Peter Toon Jan 1 2008
I am very conscious that the Anglican Communion is fracturing even as I write, and this is something I regret deeply.
In general, I begin my attempts to understand the complex and divided nature of the American Episcopal or Anglican ways from the church polity assumed in (a) the Formularies—BCP, Ordinal & Articles—and (b) the intention of The Protestant Episcopal Church of the U.S.A. when it took over the C of E in the former colonies in the 1780s.
Naturally I seek to do this in the context of American religion and the multiple Christian bodies present in the USA in 2008—a context which is very powerful indeed in terms of shaping attitudes and mindsets.
First of all, I take as a given the doctrine that the Anglican Way is to be a united way: it is to be one unified structure in one geographical area or region. So whether it be present as a national Church (England) or a national denomination (Wales) there is to be one Anglican Body in one specific region— usually called a Province, wherein are dioceses, and in which are parishes.
There is nothing whatsoever in the classic Formularies or in historic Canon Law or in the writings of the standard divines of the Anglican Way that suggests that there can be two or more Anglican denominations or provinces competing for souls from the same population on the same turf. And with a few embarrassing exceptions scattered across continents and through time, there has not been such competition in Anglican history—that is until very recent times in the U.S.A.
In the second place, I concede that the Formularies and Canon Law do not specifically state what is to happen when, in the judgment of the wise, it is believed that a given province, or part thereof, has fallen into most serious error, infidelity, and apostasy. As the Anglican Communion of Churches does not have either a central authority like Rome, or even an ecumenical Patriarch with his Council of Bishops like Orthodoxy, just how it is to be determined first, that a province is in serious infidelity and, secondly, how it is to be called to repentance, disciplined or expelled are not stated clearly anywhere. (In recent days the events that led to the writing of The Windsor Report and then the events that occurred because of it, provide a case study in the problems of determining what is error and disciplining an erring province, once that province is deemed to be such.)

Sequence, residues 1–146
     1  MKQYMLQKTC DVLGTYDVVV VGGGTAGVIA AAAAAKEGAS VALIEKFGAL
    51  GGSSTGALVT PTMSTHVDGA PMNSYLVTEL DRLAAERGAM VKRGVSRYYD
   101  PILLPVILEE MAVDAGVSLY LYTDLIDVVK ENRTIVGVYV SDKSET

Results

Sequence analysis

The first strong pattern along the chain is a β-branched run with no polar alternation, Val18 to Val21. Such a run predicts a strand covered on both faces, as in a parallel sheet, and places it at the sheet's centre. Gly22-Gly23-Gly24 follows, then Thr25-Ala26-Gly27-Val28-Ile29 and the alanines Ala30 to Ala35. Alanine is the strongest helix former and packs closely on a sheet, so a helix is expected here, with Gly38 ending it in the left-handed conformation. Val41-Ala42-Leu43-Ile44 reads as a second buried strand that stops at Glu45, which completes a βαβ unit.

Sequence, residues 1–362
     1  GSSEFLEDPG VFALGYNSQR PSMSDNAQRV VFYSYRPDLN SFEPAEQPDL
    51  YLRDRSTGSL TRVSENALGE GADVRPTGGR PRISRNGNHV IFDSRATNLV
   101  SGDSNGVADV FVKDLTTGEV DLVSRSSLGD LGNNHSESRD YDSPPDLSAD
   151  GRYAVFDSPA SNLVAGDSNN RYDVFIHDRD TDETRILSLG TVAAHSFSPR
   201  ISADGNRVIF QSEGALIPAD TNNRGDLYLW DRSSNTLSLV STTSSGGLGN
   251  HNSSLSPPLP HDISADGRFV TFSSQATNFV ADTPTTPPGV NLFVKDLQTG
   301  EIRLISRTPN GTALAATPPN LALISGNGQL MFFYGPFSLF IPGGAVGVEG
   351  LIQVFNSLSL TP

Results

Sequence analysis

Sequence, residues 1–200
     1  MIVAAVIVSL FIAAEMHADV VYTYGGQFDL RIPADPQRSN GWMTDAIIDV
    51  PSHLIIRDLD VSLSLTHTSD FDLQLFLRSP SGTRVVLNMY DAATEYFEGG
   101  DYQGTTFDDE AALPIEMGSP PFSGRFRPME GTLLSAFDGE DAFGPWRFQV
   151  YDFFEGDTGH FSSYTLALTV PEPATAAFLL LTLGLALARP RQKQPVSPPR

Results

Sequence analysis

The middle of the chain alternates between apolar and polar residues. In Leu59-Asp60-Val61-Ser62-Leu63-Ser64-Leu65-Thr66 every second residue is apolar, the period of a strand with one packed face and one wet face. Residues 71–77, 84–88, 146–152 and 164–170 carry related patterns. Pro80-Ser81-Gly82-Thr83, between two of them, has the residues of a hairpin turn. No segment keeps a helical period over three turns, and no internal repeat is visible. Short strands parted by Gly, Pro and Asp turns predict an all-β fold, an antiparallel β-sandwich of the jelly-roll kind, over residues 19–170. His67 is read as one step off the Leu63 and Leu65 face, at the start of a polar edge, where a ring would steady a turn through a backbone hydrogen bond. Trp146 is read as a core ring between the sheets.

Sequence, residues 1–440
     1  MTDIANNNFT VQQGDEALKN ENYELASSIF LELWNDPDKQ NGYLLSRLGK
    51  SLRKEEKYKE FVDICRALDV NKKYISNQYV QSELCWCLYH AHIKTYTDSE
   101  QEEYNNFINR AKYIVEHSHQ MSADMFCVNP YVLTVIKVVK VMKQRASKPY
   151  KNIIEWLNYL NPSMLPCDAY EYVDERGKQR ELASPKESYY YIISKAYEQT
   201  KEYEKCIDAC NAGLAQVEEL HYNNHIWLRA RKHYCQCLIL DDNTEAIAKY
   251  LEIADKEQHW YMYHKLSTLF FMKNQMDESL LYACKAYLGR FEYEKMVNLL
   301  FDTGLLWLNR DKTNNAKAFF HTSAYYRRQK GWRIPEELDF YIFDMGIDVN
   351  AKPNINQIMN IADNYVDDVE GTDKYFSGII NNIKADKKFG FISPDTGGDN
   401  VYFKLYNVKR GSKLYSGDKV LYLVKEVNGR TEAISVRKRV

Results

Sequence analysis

In the third place, looking back on the history of The Episcopal Church from the 1970s to the present year of 2008 one can see two ways of dealing with perceived apostasy: one was the primary method of 1977 and the other that of more recent days.
(a) Various people on the inside, deeply desiring to be released from what they judged to be infidelity or serious error, take action; but coordinated action ceases beyond the point of the initial exit from the Episcopal Church so that secession leads to varied results. Instead of, as it were, one opposition being found gathered and organized outside the walls, there are several, and they do not have a united command. Gradually each one creates a denominational apparatus of its own.
(b) From wholly on the outside, that is from Provinces overseas, offers are made to care for those who decide to become secessionists; but again, these offers are not carefully coordinated from abroad and they lead not to one joint form of help in the form of one alternative church jointly sponsored by various overseas Provinces, but rather to several different churches. Once planted each group of churches creates a denominational apparatus of its own.
One may claim justly that what was needed in both instances was one opposition, one united body and one organization. What was needed was a sound Church as a definite alternative to the erring and apostate old one. But, tragically, what arose from the different types of secession was a group of churches—home-grown and foreign implanted—all in opposition to The Episcopal Church, and also to some degree in competition with each other and with only minimalist plans by some of the new churches for getting together.